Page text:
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Slice of Life

  • Go wild for butternut squash
    For all the readers who have written and begged me to publish some butternut squash recipes, stop the email campaign already, here they are.
  • Go wild for butternut squash
    For all the readers who have written and begged me to publish some butternut squash recipes, stop the email campaign already, here they are.For squash lovers, fall is the time to really go crazy with butternut.
  • Wine adds flavor depth to dish
    No matter how much or little wine I open at any given meal, there always seems to be some left over. Rather than pour it out, I use it for cooking.
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Grab fruits, veggies for cleanse

My usually level-headed 29-year-old son called and excitedly told me he’d lost 5 pounds on a juice cleanse. I was a bit skeptical of the whole process. Nothing but juice?

Worried that he’d been abducted by radical vegetarians from outer space, I decided to look into the whole juicing phenomena that seems to be emerging as the newer, healthier way to lose weight. As best as I can discern, a juicing cleanse is supposed to be a very short-term diet that limits a person’s daily food intake to only freshly pressed (juiced) fruits and vegetables.

The benefits of a juice cleanse/juice fast are purported to include clearer skin, rapid weight loss and a generally overall feeling of well-being. I could not, however, find any real medically supported evidence to the claims that it is a “healthy” way to lose weight and feel better.

What I did find out is that juicers (the machines that juice, not blenders, which don’t really pulverize the stuff) are expensive. If you’re going to juice, prepare to spend several hundred dollars to get the right equipment. Price not being an obstacle, juicing fresh fruits and vegetables is really a great way to get all the recommended daily allowance your body needs without too much effort. Simply put: you can eat five cups of chopped carrots or one cup of carrot juice and get the same nutrients. The trade off, however, is that you don’t get the fiber the raw unjuiced fruit or vegetable has to offer.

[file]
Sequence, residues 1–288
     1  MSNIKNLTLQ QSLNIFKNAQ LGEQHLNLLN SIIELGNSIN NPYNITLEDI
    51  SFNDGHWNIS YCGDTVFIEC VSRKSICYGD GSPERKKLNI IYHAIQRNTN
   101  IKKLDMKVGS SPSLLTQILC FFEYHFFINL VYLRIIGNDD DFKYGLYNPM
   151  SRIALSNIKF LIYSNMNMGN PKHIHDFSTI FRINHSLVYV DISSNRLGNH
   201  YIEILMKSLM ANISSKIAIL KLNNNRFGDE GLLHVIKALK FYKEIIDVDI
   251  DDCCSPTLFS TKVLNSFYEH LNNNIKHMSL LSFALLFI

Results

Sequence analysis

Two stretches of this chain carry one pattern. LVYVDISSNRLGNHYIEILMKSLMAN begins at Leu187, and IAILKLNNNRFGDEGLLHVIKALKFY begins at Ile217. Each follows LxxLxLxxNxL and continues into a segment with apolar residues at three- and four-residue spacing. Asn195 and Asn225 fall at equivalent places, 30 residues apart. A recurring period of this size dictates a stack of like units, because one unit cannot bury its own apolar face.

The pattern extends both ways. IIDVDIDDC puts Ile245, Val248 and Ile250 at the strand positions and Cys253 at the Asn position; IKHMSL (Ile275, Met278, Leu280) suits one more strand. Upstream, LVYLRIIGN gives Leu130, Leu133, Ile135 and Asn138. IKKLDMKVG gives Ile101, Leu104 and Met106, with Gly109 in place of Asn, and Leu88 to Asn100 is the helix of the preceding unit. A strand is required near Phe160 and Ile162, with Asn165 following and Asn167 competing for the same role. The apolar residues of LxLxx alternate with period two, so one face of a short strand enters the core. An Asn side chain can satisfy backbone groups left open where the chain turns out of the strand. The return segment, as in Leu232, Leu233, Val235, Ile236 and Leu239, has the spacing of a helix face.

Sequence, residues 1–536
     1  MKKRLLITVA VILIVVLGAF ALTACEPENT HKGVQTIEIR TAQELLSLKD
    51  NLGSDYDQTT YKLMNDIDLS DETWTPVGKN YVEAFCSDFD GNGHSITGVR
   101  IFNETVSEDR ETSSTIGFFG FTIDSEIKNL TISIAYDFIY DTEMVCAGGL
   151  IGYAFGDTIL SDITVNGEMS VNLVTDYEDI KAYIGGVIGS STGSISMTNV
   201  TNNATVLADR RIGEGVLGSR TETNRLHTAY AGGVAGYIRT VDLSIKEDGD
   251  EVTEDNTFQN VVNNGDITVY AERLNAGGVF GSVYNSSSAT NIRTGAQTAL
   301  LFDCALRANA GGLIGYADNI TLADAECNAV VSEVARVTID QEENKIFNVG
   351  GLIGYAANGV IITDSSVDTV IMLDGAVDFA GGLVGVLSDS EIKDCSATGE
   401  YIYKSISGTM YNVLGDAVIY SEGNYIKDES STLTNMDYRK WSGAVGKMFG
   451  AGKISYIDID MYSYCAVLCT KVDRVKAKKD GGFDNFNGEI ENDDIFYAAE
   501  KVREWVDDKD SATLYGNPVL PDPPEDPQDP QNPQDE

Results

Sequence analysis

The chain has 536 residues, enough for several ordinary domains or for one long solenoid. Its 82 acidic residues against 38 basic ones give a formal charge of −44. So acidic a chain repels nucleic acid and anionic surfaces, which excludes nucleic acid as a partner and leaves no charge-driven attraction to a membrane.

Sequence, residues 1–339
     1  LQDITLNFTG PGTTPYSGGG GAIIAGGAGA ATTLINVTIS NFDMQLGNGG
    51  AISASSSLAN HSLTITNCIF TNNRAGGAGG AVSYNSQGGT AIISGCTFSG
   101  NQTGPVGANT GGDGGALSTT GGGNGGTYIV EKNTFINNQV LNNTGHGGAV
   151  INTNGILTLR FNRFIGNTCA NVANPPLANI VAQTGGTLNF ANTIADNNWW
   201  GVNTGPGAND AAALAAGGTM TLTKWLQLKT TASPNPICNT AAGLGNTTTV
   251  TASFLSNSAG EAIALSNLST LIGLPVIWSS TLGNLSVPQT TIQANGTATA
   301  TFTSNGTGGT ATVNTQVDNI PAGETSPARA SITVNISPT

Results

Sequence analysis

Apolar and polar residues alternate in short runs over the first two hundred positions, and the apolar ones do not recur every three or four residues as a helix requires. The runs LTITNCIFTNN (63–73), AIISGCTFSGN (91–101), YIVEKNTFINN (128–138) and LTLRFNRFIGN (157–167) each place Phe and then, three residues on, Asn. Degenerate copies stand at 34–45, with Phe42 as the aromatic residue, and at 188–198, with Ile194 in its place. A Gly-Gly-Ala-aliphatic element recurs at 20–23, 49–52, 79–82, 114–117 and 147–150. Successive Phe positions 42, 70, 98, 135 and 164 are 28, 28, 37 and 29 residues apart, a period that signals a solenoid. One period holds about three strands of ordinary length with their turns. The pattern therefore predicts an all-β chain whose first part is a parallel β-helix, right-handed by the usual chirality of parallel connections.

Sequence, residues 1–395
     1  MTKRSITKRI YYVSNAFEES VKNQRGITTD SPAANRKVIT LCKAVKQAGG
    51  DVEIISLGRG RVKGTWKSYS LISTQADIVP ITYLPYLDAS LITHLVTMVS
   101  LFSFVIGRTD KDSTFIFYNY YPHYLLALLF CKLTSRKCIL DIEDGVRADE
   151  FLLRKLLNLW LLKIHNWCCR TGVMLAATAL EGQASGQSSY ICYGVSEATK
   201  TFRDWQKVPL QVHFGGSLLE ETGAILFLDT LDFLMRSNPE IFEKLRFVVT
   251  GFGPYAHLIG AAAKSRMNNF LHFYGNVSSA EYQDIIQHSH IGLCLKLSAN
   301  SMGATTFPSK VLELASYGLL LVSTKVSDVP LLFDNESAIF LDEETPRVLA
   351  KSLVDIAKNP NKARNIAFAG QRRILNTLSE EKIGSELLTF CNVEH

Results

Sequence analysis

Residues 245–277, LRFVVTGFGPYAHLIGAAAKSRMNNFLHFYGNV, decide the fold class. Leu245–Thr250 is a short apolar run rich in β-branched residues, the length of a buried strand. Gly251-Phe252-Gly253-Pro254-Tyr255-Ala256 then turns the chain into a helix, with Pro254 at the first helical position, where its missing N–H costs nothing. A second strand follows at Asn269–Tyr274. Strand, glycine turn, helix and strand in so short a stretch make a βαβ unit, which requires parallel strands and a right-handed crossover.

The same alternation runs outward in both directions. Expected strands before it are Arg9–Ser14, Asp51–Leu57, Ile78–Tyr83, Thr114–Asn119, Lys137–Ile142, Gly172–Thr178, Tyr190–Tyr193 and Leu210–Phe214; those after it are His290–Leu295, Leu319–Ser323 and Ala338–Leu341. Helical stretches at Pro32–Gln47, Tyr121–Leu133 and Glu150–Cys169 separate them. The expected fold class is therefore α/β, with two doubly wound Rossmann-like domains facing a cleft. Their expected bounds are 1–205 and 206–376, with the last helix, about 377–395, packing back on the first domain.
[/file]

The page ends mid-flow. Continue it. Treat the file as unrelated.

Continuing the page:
There are some really good juicing recipes that are wonderful alternatives to our overprocessed, high-sugar, fat-loaded diets. Always use fresh, well-washed fruits and vegetables as you kind of defeat the purpose by using frozen or canned stuff. Fresh juice is perishable, so my suggestion is to drink it right away and no later than about 24 hours after you’ve made it.

The following recipes are suggestions. You can always experiment with whatever combination you like. If the resulting concoction is too icky tasting or too thick, try adding grapes or oranges to the mix to sweeten it slightly.

For each recipe, put all the ingredients in the juicer and juice.

Carrots and Lemon

4 to 5 medium carrots

1/2 medium lemon, peeled if you like

1 large apple

1 cup chopped red cabbage

1 teaspoon fresh ginger

Makes 1 serving

Kiwi Smoothie

2 kiwi fruits

1 banana, peeled

1/2 cup orange juice

1 cup mango chunks (you can buy the frozen)

Makes 1 serving

Cantaloupe and Banana

1 firm kiwi fruit, peeled

1/4 cantaloupe

1 ripe banana

Handful of kale, stems off

Makes 1 serving

Berry Bliss

1 cup strawberries, hulled

1 cup raspberries

1/2 cup blackberries

1 cup blueberries

1 cucumber, whole

1 tablespoon honey to be added after the juicing if needed

Makes 2 to 3 servings

Sort of Gaspascho Juice

2 tomatoes

1 stalk of celery

1 large carrot

1 cup broccoli

1 cucumber

1/2 lemon, peeled

1 garlic clove

Makes 1 serving

Slice of Life is a food column that offers recipes, cooking advice and information on new food products. It appears Sundays. If you have a question about cooking or a food item, contact Eileen Goltz at ztlog@verizon.net or write The Journal Gazette, 600 W. Main St., Fort Wayne, IN 46802.

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